It’s Omaha tradition. Each June, the Nebraskan locals “adopt” an underdog team for which to root at the College World Series. This year there were two contenders for the “Cinderella” moniker – Stony Brook and Kent State – and both ran into dominant pitching to fall in the opening round of the CWS bracket.
Omaha decidedly adopted Joe Nathan’s alma mater Stony Brook. Good choice. But, the city should seriously consider adopting UCLA ace Adam Plutko as their Cinderella pitcher.
In 2011, Plutko emerged as a Freshman All-American, though he was wildly overlooked as UCLA’s Sunday starter due to the Bruins’ legendary one-two punch of junior right-handers Trevor Bauer and Gerrit Cole. Measuring their respective sophomore seasons, though, Plutko certainly stacks up.
In 2010, Bauer led the nation in with 165 strikeouts while posting a 12-3 record with a 3.02 ERA. Cole was 11-4 with a 3.37 ERA, while ranking third in the nation with 153 strikeouts. Plutko hasn’t been the strikeout king his predecessors were, but he has proved their equal in this his sophomore season with a 12-3 record, while dazzling with a 2.48 ERA.
Stony Brook ran up against Plutko in Friday’s CWS opener, falling 9-1 to No. 1-ranked UCLA. And, Stony Brook never had a chance.
Even before UCLA erupted for five runs in the bottom of first inning, Plutko commandeered the game. The right-hander made a statement by making quick work of the top of Stony Brook’s lineup, setting the side down in order, including strikeouts of the America East Conference’s two top hitters Travis Jankowski (.416 average) and William Carmona (.393 average).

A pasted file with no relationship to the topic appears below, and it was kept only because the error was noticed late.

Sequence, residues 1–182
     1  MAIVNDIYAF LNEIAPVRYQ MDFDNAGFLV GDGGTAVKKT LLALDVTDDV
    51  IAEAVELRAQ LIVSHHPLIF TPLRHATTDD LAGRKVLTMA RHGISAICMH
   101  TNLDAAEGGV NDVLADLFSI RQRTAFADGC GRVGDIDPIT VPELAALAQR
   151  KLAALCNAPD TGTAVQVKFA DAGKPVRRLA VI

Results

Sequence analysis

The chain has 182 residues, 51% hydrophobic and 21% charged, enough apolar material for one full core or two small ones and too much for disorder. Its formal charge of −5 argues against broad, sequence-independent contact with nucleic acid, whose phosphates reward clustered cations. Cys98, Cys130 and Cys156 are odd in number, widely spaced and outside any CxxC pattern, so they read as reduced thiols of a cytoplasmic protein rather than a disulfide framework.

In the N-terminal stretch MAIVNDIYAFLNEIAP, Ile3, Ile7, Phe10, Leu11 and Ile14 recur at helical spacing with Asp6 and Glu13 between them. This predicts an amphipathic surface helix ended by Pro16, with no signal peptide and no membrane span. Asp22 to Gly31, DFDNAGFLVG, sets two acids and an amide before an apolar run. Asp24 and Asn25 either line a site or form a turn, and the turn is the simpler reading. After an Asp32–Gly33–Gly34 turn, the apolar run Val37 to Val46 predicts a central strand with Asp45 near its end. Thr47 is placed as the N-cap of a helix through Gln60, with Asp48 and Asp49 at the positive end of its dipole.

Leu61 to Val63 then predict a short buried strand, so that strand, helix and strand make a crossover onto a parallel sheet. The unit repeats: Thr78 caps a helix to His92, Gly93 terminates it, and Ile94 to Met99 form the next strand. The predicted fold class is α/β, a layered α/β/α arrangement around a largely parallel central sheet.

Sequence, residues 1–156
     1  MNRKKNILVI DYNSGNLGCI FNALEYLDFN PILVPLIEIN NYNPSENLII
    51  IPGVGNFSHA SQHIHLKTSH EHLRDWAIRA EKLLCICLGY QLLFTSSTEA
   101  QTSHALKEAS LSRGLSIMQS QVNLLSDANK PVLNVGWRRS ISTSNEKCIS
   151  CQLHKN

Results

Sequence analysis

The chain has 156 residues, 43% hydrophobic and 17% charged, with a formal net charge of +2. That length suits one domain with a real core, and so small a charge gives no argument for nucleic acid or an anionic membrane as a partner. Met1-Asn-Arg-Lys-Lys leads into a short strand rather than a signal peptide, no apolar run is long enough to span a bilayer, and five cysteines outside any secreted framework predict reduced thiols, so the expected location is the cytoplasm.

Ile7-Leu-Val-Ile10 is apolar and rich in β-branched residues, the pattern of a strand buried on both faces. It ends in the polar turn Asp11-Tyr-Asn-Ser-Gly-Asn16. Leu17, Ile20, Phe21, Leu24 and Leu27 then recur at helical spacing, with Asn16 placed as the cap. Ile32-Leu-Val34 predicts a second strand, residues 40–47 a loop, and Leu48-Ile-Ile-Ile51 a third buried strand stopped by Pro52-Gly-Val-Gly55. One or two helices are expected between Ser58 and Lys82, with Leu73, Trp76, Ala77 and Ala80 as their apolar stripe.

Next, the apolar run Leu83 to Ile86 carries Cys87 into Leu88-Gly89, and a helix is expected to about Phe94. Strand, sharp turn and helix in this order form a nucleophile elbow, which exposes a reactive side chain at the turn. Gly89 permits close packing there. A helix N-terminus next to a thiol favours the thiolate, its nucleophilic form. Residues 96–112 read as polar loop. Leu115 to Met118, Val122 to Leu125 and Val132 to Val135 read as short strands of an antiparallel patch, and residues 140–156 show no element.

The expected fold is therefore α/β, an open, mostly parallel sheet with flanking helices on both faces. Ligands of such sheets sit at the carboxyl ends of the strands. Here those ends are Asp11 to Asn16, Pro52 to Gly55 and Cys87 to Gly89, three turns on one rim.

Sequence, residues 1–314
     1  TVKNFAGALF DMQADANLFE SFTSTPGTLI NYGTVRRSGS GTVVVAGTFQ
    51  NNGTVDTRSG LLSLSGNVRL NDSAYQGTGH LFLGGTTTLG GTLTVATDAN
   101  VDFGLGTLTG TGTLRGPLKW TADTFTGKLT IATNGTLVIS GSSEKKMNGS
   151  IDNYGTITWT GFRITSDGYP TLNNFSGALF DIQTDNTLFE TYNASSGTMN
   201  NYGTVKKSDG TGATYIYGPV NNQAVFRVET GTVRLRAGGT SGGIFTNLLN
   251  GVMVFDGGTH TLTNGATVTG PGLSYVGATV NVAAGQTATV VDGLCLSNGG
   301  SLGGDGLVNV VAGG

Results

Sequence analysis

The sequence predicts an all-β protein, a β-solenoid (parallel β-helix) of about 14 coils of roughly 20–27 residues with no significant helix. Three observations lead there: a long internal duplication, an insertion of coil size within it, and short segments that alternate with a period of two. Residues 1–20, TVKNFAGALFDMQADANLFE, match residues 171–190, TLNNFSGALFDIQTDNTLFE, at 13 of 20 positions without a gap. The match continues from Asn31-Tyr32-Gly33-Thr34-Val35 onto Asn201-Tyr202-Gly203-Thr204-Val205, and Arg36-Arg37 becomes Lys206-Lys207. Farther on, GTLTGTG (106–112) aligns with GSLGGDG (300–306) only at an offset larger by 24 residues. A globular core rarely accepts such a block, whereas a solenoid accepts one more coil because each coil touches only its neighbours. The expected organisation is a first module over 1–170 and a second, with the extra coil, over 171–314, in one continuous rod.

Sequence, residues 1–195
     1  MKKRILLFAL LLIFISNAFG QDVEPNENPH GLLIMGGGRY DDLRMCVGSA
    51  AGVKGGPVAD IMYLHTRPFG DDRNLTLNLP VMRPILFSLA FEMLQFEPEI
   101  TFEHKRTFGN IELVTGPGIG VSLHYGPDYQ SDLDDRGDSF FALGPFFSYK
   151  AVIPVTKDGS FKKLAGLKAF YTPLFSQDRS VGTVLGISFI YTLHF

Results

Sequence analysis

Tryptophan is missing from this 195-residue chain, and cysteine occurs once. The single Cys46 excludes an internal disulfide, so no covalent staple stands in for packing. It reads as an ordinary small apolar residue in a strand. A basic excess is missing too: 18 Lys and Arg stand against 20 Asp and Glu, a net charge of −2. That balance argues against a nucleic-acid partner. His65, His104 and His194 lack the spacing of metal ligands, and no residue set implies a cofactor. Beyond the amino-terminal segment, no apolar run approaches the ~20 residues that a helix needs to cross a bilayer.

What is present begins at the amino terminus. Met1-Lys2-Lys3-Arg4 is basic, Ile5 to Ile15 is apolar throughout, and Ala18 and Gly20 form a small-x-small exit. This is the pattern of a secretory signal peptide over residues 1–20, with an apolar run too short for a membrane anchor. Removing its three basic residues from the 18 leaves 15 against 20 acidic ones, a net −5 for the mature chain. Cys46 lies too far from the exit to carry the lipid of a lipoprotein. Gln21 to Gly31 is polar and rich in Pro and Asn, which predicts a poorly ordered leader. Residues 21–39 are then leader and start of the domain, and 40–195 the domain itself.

After escaping unscathed from a bases-loaded jam in the second, Plutko went on to dominate, allowing one run on five hits over seven innings, while striking out seven against two walks.
Stony Brook is now on the brink of elimination, though its a familiar and seemingly favorable position for the first AEC team to ever advance to Omaha. The Seawolves are viewed as the epitome of the college baseball underdog. They were lauded as the only No. 4-seeded team to win in regional play this season. And, in both the regional and super regional tourneys, they had to play back from early loses, winning each round with consecutive victories while on the brink of elimination.
Just because Stony Brook is garnering a long-deserved spotlight, however, doesn’t mean the small New York upstarts of the modern baseball era are new to the tradition of winning baseball. While it’s true the Seawolves are reveling in their first 50-win season, they have long been contenders in the AEC. Before surpassing the 40-win mark for the first time last season, Stony Brook posted an above-.500 record in all but two seasons (2005 and 2006) since joining the D-I ranks in 2000.
Kent State was welcomed to its first CWS appearance in the same manner as was Stony Brook. No. 19-ranked Arkansas upended Kent State 8-1 Saturday, behind a masterful performance by junior D.J. Baxendale. While the Razorbacks’ ace isn’t nearly the caliber of UCLA’s elite starters of recent years, he solved a Kent State lineup that paced the Mid-American Conference with a .302 team batting average this season, scattering three hits over 6 1/3 strong innings to earn his team-best eighth win.